Micro Influencers are Invaluable to Brands

From our inception as an agency we’ve prided ourselves on our ability to create solutions that set the standard in the influencer marketing industry. One of those solutions is partnering brands with micro influencers for content creation. It’s easy to think that influencer marketing can only be done one way, pay for posts, but there are many ways that brands and influencers work together.

Many marketers who have traditionally used Influencers just to amplify or socialize initiatives turned to content creators during the Covid-19 pandemic as production solutions. Brands recognized that not only do influencers have sway over their audiences but they are uniquely skilled at independently conceiving, shooting and editing photo and video. 

While this format definitely saw an increase over the past few years in wake of the pandemic, this has always been an avenue that The Social Standard educates and guides our clients in. Today we’ll dive into why this is a successful model, its application across industries, and examples of execution with our clients.

Why micro influencers?

As the creator economy grows and more people see the viability of creating full time, we’re seeing an influx in the amount of talent that is available to us. Micro influencers are categorized as having 50,000 or less followers and are known for having a particular area of interest and very high engagement rates.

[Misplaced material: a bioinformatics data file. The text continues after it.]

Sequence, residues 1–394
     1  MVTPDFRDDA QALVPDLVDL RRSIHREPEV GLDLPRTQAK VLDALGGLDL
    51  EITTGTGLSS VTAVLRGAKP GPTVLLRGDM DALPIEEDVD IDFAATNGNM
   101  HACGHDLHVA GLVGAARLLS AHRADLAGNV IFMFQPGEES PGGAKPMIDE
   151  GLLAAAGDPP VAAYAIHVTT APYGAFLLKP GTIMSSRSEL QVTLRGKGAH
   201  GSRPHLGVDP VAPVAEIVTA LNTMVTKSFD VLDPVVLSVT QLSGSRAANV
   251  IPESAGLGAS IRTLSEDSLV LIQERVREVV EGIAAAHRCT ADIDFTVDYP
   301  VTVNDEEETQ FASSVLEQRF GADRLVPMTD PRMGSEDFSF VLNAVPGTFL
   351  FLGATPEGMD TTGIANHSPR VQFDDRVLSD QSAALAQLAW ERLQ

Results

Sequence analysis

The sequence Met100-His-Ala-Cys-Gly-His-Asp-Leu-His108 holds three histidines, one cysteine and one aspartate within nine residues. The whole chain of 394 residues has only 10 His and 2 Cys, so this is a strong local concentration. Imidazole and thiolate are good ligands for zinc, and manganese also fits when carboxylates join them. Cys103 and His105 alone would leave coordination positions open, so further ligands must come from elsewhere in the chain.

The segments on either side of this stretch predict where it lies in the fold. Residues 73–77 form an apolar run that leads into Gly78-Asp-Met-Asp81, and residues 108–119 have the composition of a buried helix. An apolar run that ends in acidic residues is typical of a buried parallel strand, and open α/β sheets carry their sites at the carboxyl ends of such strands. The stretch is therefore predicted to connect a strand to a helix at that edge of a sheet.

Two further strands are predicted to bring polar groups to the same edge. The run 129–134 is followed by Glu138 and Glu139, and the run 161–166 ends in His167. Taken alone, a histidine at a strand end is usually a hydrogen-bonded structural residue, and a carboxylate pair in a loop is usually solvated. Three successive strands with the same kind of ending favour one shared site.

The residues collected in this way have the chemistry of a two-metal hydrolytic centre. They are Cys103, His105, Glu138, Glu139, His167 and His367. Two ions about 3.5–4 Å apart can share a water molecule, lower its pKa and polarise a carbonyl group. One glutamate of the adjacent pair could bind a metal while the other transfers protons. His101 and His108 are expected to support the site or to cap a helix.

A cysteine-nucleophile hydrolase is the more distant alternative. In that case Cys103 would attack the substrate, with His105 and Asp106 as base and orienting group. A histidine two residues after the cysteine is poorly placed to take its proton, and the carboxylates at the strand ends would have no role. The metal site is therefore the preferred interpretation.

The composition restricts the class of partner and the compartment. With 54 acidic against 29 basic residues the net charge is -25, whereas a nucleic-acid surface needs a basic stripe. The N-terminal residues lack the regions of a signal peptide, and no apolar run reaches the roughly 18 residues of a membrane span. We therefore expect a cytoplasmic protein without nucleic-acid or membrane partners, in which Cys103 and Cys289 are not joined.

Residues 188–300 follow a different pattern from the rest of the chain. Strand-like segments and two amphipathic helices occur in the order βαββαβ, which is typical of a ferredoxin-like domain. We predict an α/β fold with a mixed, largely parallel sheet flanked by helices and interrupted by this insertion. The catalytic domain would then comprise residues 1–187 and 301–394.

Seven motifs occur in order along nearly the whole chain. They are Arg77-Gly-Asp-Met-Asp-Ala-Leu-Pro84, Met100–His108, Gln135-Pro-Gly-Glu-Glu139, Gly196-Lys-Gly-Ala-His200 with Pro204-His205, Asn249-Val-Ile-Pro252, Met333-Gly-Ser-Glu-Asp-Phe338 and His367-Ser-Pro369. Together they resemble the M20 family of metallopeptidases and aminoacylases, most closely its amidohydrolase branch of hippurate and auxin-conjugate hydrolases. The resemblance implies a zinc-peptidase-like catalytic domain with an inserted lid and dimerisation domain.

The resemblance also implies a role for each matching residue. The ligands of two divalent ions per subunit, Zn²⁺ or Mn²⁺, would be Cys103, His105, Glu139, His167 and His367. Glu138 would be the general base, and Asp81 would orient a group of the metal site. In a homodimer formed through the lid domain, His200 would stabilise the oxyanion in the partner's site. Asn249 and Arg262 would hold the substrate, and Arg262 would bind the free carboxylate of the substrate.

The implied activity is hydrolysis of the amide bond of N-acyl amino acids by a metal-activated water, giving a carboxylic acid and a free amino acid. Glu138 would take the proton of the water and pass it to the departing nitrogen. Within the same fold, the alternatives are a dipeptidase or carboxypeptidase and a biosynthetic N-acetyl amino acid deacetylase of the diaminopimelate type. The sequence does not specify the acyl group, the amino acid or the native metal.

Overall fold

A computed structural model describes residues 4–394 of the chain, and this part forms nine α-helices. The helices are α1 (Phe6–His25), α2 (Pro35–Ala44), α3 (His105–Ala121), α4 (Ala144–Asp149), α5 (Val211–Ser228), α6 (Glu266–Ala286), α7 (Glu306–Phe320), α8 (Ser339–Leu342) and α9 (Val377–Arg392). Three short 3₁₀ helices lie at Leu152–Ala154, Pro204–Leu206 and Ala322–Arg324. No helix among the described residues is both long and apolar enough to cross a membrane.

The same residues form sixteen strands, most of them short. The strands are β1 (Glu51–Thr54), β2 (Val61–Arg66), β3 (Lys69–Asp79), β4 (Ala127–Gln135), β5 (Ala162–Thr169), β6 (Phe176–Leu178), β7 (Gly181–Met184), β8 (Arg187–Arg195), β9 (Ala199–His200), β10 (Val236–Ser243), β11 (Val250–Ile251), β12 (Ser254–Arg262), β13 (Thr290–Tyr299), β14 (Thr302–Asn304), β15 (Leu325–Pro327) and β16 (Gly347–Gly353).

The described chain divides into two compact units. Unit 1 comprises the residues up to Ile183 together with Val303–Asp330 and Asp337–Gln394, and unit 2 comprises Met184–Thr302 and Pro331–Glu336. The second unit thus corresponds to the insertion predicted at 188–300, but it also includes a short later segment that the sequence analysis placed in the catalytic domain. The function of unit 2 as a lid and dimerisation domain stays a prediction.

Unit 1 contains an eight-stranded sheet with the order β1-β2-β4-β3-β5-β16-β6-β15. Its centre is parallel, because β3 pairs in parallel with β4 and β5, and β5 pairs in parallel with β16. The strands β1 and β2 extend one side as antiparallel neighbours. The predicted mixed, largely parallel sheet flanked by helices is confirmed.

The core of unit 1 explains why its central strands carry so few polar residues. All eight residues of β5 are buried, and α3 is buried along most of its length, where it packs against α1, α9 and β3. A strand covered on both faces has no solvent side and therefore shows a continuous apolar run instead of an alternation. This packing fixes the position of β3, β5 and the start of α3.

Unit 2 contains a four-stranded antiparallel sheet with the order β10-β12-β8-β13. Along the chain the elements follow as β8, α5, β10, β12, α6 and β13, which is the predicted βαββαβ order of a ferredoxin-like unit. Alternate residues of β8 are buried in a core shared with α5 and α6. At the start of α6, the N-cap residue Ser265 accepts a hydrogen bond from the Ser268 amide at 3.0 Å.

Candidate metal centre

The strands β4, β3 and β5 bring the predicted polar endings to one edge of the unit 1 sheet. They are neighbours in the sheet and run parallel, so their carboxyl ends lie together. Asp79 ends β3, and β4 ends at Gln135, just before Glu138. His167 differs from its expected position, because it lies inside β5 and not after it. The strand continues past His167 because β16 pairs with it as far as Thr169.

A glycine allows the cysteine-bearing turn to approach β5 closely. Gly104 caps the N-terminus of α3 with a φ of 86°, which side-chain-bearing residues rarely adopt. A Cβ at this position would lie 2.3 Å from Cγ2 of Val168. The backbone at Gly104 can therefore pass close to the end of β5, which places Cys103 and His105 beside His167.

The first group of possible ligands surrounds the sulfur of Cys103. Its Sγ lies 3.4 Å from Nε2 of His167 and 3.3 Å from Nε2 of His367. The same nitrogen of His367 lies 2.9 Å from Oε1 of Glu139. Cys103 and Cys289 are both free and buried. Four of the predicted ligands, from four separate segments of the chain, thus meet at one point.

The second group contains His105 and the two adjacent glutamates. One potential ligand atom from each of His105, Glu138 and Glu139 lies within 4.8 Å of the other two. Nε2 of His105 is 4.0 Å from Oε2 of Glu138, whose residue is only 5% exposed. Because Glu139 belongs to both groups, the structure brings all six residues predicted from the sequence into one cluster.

While micro influencers are the topic of conversation these days and brands are building full-scale influencer marketing campaigns around them, there are other ways that brands can utilize the unique skill set these creators have, content creation. 

Whether a brand wants to improve their owned social media channels, spice up their website images, or use content for paid media, working with micro influencers to create this content ensures that they are receiving high quality content and seasoned talent to execute. Over the years we have worked with multiple clients to source micro influencers to create content at scale, below we will detail a few of our favorites!

Some of our work


As one of our long-time clients, Hinge has been a partnership where we have tested many strategies with a large amount of talent to find what worked best. From testing what piece of merch the creator wore, how to place the products, what types of shots worked best, and how best to instruct and inform the talent on what the brand wanted. 

Over time we found the strategy that worked the best and it became a turn-key process for us. Once we found the strategy that worked we built out the program working with 250 creators over 12 months to generate over 750 pieces of content. One of the most major pieces of this partnership was the quantity of content that was being produced for the brand that was then repurposed on social media. We found that this content was WAY out performing any of the brands internal content and thus solidified influencers as an invaluable source of content. Hinge’s willingness to test and desire to be an early adopter of white listing micro influencer’s content set this campaign on fire.